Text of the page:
+

Meet the Internet's most powerful warrior against ageism: Baddie Winkle.

Her bio reads: "Stealing your man since 1928." And that's just the beginning.

Baddie Winkle is just doing Baddie Winkle.

judging you
A photo posted by @baddiewinkle on


Ashley Hoffmand of Styleite called this 87-year-old Kentuckian's presence online "a tonic to women who fear judgment everywhere."

selfieee!!
A photo posted by @baddiewinkle on

And thank heaven for that.


it's true
A photo posted by @baddiewinkle on


It all started with her great-granddaughter, Kennedy, who introduced Baddie to social media.

"Kennedy is responsible for all of this. Kennedy and I have a lot of fun together. We're very close ... she's my stylist. She helps me out a lot.

pre vmas!! @marinafini took this photo 💞
A photo posted by kennedy (@psychicbabe) on

Baddie and her great granddaughter Kennedy <3

"One day, I was laying out in the sun, and I put on some tie-dyed shirt and a pair of cutoff shorts of my [great-] granddaughter Kennedy's. She came home and said, 'Oh, Granny, you look so cute! Let me take a pic of you.'"

Peace and Love 🌺😏💜
A photo posted by @baddiewinkle on

And the rest was history!

LOVE YOU @mileycyrus 💚🌈 TUNE IN TONIGHT FOR THE VMAS ON @MTV
A photo posted by @baddiewinkle on

Even Miley is a fan.

The Internet was. in. love.

BLESSED
A photo posted by @baddiewinkle on

And can you blame us?

"I'm not an old person. I've never been an old person. I just do my thing," Baddie Winkle says.

Older people, like all human beings who fit into a certain category, are not all the same!

Grandmas can be this if they want.

Cool apron, Grandma! Image via George Eastman House/Flickr.

Or they can be this!

my back side is the best side
A photo posted by @baddiewinkle on


Baddie Winkle, whose real name is Helen Van Winkle, breaks the stereotype molds.

She's rocking bright colors and she's being herself.

Baddie — in all her tie-dyed, 19-year-old-great-granddaughter-collaborating glory — is so great. And at times ... especially when she's poking fun at the way the media typically shows older people ... hilarious.

life alert: caught the feels
A photo posted by @baddiewinkle on

LOL.

Just by having a good time and hangin' with her family, she's forcing many of us to reconsider what's "acceptable" ... not just for older folks, but for ourselves.

Let's admire her.

I LOVE @beautyconofficial 💘
A photo posted by @baddiewinkle on

She's not acting like anything but herself. She loves dressing up, working with her great-granddaughter, and being a role model.

"I don't like 'old women' clothes," she told Refinery29.

🍄🔮
A photo posted by @baddiewinkle on


And she doesn't have time for haters.


She's too busy being her.


💣📲💗
A photo posted by @baddiewinkle on

True individuals come in every age.

"You're only here once in your lifetime, so have fun."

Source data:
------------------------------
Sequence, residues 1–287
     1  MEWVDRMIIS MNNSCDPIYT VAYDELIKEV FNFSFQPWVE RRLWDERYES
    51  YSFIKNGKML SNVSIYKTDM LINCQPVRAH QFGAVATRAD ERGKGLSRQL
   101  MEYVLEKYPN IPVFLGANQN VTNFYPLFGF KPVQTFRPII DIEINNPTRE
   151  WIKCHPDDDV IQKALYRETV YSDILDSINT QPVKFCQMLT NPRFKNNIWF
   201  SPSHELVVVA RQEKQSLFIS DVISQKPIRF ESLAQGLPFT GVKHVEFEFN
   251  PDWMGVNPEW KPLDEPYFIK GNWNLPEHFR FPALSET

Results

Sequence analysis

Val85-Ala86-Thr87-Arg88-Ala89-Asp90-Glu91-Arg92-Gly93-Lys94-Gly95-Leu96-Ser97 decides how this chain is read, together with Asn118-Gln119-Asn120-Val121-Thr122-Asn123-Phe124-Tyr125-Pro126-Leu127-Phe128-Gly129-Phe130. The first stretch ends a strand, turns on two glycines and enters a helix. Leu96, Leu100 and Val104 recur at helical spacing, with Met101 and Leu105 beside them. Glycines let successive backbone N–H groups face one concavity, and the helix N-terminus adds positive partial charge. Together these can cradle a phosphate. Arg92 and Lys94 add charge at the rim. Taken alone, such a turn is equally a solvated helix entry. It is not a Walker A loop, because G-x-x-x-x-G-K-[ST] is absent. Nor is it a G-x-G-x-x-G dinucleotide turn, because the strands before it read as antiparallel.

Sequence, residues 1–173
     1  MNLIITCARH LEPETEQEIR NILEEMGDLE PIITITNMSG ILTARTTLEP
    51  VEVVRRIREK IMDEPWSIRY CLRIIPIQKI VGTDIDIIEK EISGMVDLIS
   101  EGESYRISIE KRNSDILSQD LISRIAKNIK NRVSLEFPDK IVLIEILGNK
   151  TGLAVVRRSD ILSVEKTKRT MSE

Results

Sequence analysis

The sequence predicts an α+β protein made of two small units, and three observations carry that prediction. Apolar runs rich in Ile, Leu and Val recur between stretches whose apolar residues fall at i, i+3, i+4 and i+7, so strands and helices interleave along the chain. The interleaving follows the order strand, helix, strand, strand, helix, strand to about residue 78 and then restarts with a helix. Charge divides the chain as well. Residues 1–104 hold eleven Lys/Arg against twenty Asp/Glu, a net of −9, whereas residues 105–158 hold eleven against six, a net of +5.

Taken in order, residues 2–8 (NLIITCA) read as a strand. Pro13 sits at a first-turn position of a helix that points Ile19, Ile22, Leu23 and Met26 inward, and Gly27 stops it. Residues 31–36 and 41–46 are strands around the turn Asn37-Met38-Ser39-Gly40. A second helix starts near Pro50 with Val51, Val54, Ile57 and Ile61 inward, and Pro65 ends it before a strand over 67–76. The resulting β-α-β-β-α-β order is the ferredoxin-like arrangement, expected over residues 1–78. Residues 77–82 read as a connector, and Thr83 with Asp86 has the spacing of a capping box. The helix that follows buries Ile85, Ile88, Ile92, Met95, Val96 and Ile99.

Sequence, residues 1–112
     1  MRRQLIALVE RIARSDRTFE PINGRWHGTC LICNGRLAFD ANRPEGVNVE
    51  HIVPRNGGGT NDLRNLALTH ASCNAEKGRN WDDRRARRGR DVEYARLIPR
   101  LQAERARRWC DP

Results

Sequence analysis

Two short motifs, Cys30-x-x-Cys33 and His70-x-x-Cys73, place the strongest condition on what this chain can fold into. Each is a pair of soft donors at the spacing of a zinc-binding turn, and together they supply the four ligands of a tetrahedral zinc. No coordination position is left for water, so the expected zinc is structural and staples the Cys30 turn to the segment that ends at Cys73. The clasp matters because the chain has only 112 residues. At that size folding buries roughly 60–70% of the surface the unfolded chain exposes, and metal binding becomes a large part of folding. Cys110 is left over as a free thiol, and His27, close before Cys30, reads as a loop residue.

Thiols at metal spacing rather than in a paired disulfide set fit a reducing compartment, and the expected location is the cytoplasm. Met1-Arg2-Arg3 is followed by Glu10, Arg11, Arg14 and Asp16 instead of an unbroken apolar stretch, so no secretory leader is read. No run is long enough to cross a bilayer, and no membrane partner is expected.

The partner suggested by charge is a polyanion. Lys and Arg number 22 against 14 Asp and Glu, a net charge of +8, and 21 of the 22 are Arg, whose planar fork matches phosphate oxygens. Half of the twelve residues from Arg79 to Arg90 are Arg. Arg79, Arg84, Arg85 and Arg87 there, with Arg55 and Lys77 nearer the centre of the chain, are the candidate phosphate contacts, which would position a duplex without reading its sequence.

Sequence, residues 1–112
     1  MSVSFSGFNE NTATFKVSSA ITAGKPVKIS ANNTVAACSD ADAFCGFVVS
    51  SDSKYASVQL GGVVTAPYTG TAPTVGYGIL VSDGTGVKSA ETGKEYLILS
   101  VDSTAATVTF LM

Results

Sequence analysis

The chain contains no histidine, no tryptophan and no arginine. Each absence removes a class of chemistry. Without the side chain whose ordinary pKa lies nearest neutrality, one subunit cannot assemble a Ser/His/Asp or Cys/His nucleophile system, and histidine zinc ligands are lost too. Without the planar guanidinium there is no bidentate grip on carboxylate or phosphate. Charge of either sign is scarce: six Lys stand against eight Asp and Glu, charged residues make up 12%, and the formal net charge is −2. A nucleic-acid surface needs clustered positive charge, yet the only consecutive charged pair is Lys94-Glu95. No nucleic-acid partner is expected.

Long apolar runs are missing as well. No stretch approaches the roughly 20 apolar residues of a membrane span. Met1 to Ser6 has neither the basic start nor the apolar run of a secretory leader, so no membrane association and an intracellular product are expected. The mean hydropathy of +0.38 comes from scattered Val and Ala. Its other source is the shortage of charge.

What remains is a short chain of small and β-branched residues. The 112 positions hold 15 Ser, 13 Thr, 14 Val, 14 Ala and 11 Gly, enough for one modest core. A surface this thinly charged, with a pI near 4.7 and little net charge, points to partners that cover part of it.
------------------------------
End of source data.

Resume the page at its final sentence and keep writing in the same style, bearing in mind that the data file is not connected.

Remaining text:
Who's ready to call their grandma?

my fav person @baddiewinkle 🌙🌸🍄🌈👅
A photo posted by kennedy (@psychicbabe) on
Nature

Pennsylvania home is the entrance to a cave that’s been closed for 70 years

You can only access the cave from the basement of the home and it’s open for business.

This Pennsylvania home is the entrance to a cave.

Have you ever seen something in a movie or online and thought, "That's totally fake," only to find out it's absolutely a real thing? That's sort of how this house in Pennsylvania comes across. It just seems too fantastical to be real, and yet somehow it actually exists.

The home sits between Greencastle and Mercersburg, Pennsylvania, and houses a pretty unique public secret. There's a cave in the basement. Not a man cave or a basement that makes you feel like you're in a cave, but an actual cave that you can't get to unless you go through the house.

Turns out the cave was discovered in the 1830s on the land of John Coffey, according to Uncovering PA, but the story of how it was found is unclear. People would climb down into the cave to explore occasionally until the land was leased about 100 years later and a small structure was built over the cave opening.

Keep ReadingShow less
Health

Oregon utilizes teen volunteers to run their YouthLine teen crisis hotline

“Each volunteer gets more than 60 hours of training, and master’s level supervisors are constantly on standby in the room.”

Oregon utilizes teen volunteers to man YouthLine teen crisis hotline

Editor's Note: If you are having thoughts about taking your own life, or know of anyone who is in need of help, the 988 Suicide & Crisis Lifeline is a United States-based suicide prevention network of over 200+ crisis centers that provides 24/7 service via a toll-free hotline with the number 9-8-8. It is available to anyone in suicidal crisis or emotional distress.

Mental health is a top-of-mind issue for a lot of people. Thanks to social media and people being more open about their struggles, the stigma surrounding seeking mental health treatment appears to be diminishing. But after the social and emotional interruption of teens due the pandemic, the mental health crises among adolescents seem to have jumped to record numbers.